BUY OR SELL-Does oil’s rally have further to run?
As oil hits a two-year high, is it the time to buy or sell?
November 6, 2010 1:30 by Eva Fernandes
Oil hit a two-year high above $87 a barrel on Friday, supported by the new round of U.S. economic stimulus and perceptions of an upward shift in the oil price aspirations of producer group OPEC.
Oil has now moved well above $70 to $80 range that contained trade for most of the last year, having rallied almost 7 percent this week with U.S. crude futures touching a high of $87.22 on Friday, the highest since October 2008.
So is it time to sell into the rally? Or should investors buy into the momentum in the hope of much higher prices?
Many investors are now targeting $90, saying it could be reached very quickly, given the speed of the recent rise.
They base this argument on several planks, some fundamental and the others technical, looking at price charts.
Underpinning the bullish argument is a move by the U.S. Federal Reserve on Wednesday, when it announced the purchase of around $75 billion in Treasury bonds per month through mid-2011, totalling around $600 billion. The move is meant to avert deflation and create jobs by easing long-term borrowing costs.
Traders and fund managers say this second round of quantitative easing (QE2) has boosted the appeal of commodities as an asset class and weakened the dollar, which often moves inversely to commodities priced in the U.S. currency.
The bulls have been bolstered by Saudi oil minister Ali al-Naimi, who said this week oil consumers wanted prices between $70 and “hopefully less than $90″ a barrel. Libya, another member of the Organization of the Petroleum Exporting Countries, predicted $100 oil by the end of the year.
These comments mark a change from the range of $70 to $80 that Saudi Arabia has previously called ideal.
Oil traders who look at technical charts have also supported the bulls, saying the markets are still not overbought, despite the recent rally. Oil’s relative strength index (RSI) has a reading of 66, below the overbought range which starts at 70.
Nicholas Denbow at VOC Capital Management argues QE2 is supportive for oil and commodities as it supports demand and sees prices rising further given the momentum of the market. He sees oil moving up to around $90 a barrel in the near term.
“There is essentially a rebasing of expectations going on after QE2 and it is constructive for all commodities,” he said.
“Over $90 per barrel, the oil market will have run too far for the time being, so I would see $90 as a top for a while at least. I don’t think the market is ready for $100 yet.”
A move above key resistance would point the way for a further rally towards $90 next week, a London-based trader said.
“If it closes above here, it’s a buy next week because I think the momentum will keep us going,” said Rob Montefusco of Sucden Financial, who highlighted resistance at $87.50 for U.S. crude and $88.60 for Brent.
“After QE, everyone’s getting a little bit bullish and we’ve seen quite a good wave of buying from some of the Chinese investment funds.”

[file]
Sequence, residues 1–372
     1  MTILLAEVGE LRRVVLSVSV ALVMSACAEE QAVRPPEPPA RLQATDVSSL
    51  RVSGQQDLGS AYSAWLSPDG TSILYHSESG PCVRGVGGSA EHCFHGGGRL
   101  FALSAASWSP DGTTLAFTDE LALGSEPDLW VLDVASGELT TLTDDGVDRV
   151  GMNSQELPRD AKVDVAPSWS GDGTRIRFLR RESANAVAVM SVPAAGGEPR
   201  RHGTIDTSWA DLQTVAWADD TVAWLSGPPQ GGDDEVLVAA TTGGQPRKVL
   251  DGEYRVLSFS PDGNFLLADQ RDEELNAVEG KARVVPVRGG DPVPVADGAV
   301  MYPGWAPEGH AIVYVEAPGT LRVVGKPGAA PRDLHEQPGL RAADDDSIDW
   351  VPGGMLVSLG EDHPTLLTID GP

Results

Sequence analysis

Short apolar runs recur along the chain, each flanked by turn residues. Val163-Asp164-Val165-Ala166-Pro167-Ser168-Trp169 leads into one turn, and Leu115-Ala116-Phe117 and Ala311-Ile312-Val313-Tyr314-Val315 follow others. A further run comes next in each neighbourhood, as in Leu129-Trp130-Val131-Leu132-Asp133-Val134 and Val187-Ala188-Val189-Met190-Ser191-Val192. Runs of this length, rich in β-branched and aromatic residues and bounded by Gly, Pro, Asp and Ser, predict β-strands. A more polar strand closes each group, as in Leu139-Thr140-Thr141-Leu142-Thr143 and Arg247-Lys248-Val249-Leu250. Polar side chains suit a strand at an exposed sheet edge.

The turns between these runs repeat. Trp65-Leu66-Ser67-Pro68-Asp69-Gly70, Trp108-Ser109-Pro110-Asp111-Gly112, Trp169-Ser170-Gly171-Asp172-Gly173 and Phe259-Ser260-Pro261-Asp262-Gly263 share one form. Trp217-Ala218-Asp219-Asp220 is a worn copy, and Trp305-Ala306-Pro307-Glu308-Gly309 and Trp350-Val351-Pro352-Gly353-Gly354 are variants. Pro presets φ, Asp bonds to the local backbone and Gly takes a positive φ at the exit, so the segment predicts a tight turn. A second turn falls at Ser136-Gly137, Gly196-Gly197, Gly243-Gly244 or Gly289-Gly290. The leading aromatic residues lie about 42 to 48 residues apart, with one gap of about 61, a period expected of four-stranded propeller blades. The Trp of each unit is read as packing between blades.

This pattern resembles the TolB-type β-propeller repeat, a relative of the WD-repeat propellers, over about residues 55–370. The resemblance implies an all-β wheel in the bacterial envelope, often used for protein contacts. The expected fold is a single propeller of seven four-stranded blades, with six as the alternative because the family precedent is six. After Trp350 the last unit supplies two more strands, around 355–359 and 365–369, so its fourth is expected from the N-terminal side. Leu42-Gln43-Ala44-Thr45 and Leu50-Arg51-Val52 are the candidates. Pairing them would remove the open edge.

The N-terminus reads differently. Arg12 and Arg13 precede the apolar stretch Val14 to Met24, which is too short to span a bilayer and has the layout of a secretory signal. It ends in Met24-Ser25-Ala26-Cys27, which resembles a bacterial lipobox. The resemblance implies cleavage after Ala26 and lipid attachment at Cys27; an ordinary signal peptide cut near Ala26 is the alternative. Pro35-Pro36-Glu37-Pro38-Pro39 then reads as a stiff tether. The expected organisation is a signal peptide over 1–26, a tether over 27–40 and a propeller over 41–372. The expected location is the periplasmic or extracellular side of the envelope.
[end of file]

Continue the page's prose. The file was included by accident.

Bears say oil fundamentals do not support current prices. They argue the market is well supplied, with ample unused oil production capacity among OPEC members and doubts about how much more support oil can derive from QE2.
They cite high global oil inventories — representing 61.1 days of future demand in industrialised countries, the highest since August 1998 according to the International Energy Agency.
OPEC also said this week it has more than 6 million barrels per day (bpd) of unused oil production capacity — more than enough to meet the daily needs of Japan.
OPEC has been gradually pumping more oil since 2009 in response to recovering demand and prices.
“We are circumspect about how much more price mileage oil will get from a second round of QE,” said Harry Tchilinguirian, head of commodity markets strategy at BNP Paribas.
“You need to see the dust settle post the announcement of the Fed and we may be overshooting a little. I know a couple of the banks are touting $100, but we maintain $85 average for Q4, implying that we will retrace after the Fed-driven rally.”
Standard Bank highlighted the risk that prices already reflected the impact of the U.S. stimulus and an increase in net long positions — bets that prices will rise — in U.S. crude.
“The current level of the speculative length in oil could cause oil prices to pull back very sharply despite the Fed’s QE2 programme,” said Walter de Wet, an analyst at the bank.
“We believe that commodity markets are pricing in QE2 already and commodities will not necessarily continue to rally. We need new data to support higher prices.”
Christophe Barret, global oil analyst at Credit Agricole, said the market could run up higher in the near-term but he said it should then head back down due to ample supplies.
“If you get in the way of momentum, you can get hit. So I would not be in the market right now,” Barret said.
“But we come back down,” he said. “I don’t know whether it will be in two weeks or two months but I would expect that in three months’ time, we will be back between $70 and $80.”
By Alex Lawler and Christopher Johnson
Additional reporting by Emma Farge and Dmitry Zhdannikov; Editing by Alison Birrane